I don't know about "Eataly," but sound-alikes are usually treated as the potentially confusing knockoffs that they are. The question will be whether a customer might reasonably infer, incorrectly, that the product comes from the geographic area. If so, forgetit.
Better discuss this on its actual facts and in confidence with a TM lawyer.
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Theoretically, the short answer is 'yes' but it depends on the mark itself, whether it's unique, are there other uses in commerce by someone else, etc. Your best bet is to contact an attorney that handles trademark filings and have that attorney discuss the mark with you, perform a search, and submit the application and use-in-commerce samples to the USPTO.
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I agree with Mr. Marcus.
I am not certain you are fully understanding how geographic descriptiveness or misdescriptiveness functions in trademark law and you may be confusing two concepts here.
A mark can certianly be infringing if it is phonetically similar to another (e.g., my new search engine Boogle.com vs Google.com).
I suggest you discuss your trademark issue in more detail with a lawyer in private and most of us here, including myself, offer a free phone consult.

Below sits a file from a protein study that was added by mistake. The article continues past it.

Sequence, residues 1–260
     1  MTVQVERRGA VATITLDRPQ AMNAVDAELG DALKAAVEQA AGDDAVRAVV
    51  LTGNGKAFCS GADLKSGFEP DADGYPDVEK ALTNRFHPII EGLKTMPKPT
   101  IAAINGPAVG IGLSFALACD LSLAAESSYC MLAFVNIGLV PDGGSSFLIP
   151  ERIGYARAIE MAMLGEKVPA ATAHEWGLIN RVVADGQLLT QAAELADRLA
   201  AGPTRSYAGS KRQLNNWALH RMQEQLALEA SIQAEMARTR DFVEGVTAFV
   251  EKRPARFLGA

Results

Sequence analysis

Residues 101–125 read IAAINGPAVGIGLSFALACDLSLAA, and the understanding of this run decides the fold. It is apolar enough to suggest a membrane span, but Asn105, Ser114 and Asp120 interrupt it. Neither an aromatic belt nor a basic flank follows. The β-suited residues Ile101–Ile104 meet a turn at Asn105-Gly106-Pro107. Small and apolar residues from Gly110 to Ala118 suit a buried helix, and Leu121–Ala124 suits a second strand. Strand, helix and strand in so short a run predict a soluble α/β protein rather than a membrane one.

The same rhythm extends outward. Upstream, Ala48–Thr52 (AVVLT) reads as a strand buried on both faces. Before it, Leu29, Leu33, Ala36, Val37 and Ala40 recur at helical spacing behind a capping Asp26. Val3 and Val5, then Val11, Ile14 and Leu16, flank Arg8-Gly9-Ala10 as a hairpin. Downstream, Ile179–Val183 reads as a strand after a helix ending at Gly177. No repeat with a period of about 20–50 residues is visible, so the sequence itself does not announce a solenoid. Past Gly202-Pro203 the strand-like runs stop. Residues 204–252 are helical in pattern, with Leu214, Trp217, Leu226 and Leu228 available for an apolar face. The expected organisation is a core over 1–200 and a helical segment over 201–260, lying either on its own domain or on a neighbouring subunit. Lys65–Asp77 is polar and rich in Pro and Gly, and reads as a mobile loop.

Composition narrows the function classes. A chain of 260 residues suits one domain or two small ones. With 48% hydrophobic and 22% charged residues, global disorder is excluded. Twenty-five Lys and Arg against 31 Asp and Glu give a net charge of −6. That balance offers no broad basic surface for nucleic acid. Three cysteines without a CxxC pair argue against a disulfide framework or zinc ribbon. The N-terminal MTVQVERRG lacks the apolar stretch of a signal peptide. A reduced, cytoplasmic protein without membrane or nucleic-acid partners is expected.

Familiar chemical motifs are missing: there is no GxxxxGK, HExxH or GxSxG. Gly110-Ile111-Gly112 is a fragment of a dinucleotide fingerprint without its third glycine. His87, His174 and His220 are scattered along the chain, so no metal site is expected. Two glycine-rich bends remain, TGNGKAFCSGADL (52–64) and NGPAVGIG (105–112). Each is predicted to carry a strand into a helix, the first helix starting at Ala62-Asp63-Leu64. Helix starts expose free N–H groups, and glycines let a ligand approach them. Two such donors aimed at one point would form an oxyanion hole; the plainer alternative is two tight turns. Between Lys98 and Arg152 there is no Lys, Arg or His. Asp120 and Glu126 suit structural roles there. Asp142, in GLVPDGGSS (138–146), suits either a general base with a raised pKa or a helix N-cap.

As an aside, the last time I was in Eataly, Lidia actually came over to our table and chatted with me. That was really cool and the food was great!
I will link you to some helpful general info below as well.
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I agree with my colleagues. I will add a few points that may be helpful: Phonetic equivalents are generally indexed under the standard spelling. (For example, "kwic" and "quick" will come up under a search for quick.) The phonetic equivalents will be considered in the analysis of confusingly similiar marks. The answer depends on how distinctive the phonetically equivalent mark is overall. There are many factors used in this analysis. Sound is one of them, but there are many others.